Next time, I want to see if we can get the deliverables published in, for example, Research Intentions and Outcomes journal.

Finally, I like to thanks everyone else if the Maastricht University team that worked on eNanoMapper: Cristian Munteanu, who was my first post-doc, Bart Smeets, Linda Rieswijk, Freddie Ehrhart, and part-time Nuno Nunes and Lars Eijssen. Without them I could not have completed our deliverables.

Sunday, March 05, 2017

Upcoming meeting: "Open science and the chemistry lab of the future"

Following the example by Henry Rzepa, here an announcement of a meeting with a great program organized by the Beilstein Institut in Germany. The meeting does also mean I cannot attend another really important meeting, WikiCite, which has a partial overlap :(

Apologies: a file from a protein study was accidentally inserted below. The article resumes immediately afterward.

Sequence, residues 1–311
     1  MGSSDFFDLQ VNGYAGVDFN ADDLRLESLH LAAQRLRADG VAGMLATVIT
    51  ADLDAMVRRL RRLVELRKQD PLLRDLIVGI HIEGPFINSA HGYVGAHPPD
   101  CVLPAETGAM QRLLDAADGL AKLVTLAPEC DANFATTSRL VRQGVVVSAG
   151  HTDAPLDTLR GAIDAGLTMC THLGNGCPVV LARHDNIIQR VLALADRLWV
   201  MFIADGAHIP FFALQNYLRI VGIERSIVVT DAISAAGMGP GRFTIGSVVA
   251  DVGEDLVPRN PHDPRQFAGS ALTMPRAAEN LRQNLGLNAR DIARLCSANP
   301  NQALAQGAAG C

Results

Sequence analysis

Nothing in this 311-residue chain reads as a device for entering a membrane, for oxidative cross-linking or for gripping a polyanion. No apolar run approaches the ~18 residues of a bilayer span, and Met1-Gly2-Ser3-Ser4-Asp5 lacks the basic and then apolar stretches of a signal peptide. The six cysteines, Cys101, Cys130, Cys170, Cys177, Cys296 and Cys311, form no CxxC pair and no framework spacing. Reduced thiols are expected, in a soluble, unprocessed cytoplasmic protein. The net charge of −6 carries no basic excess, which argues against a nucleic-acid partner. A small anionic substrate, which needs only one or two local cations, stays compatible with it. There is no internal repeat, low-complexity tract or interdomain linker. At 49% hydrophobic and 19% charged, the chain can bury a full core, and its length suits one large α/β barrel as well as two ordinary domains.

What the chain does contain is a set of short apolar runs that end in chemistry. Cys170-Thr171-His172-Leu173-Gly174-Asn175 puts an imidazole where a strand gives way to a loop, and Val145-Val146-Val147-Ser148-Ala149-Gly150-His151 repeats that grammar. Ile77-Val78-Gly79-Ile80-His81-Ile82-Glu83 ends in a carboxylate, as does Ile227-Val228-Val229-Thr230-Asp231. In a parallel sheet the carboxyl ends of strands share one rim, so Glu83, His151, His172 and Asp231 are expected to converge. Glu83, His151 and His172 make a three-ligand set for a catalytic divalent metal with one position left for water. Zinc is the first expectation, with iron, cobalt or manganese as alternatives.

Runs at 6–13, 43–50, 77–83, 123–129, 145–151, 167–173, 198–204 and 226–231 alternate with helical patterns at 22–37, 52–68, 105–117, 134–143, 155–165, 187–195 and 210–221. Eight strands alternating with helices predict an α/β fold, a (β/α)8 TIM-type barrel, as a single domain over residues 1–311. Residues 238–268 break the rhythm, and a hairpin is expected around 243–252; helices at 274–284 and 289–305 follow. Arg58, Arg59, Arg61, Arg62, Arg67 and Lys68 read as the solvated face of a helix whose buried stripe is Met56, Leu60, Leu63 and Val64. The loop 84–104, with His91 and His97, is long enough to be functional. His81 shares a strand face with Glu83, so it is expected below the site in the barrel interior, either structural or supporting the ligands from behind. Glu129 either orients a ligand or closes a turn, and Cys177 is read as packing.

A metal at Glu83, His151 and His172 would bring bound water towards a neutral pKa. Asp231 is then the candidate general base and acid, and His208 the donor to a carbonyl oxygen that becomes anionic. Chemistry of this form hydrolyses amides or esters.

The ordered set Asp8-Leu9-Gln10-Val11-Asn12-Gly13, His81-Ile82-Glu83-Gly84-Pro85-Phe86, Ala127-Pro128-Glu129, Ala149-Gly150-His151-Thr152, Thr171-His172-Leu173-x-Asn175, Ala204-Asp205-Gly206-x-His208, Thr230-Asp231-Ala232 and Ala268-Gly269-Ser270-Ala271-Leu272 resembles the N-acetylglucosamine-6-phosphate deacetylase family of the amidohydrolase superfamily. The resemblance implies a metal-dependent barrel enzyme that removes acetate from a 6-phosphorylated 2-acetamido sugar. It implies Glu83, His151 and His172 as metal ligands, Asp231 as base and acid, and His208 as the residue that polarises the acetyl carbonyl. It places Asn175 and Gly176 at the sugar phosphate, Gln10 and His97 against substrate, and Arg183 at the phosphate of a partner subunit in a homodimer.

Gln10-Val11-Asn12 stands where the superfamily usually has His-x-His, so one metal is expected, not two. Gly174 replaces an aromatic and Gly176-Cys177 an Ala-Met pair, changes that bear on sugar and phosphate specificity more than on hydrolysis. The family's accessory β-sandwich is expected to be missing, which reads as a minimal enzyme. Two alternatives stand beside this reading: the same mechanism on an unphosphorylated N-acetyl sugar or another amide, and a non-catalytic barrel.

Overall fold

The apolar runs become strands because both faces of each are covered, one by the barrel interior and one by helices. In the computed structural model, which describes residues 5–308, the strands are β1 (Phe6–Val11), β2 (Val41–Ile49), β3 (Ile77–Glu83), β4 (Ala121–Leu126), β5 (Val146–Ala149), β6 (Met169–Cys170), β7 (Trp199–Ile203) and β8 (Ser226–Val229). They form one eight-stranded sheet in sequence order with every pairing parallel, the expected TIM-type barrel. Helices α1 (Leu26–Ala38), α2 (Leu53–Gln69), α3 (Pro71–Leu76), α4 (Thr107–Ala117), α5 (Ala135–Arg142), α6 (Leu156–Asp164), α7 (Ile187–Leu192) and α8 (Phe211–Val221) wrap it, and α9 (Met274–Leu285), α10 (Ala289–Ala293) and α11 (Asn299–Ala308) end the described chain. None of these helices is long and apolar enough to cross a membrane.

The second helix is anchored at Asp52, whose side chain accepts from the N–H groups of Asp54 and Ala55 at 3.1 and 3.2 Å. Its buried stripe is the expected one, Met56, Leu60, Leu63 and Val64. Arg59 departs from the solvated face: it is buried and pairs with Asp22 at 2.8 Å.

At the Open science and the chemistry lab of the future meeting meeting I will represent ELIXIR, which is quite a challenge as they are doing so much, and I only have so much time to cover that. Worse, I am only part-time working on specific ELIXIR tasks, but fortunately getting great help from Rob Hooft of the Dutch Techcenter for Life Sciences (DTL, practically the Dutch ELIXIR node).

I am very much looking forward to meeting friends and seeing people I have only yet met online, like Stuart Chalk (who recently published the CCZero Open Spectral Database) and Open Source Malaria Matthew Todd. Oh, and if you cannot attend the meeting in person, the hashtag to follow is #BeilsteinOS. If you can join, you can register to the meeting here.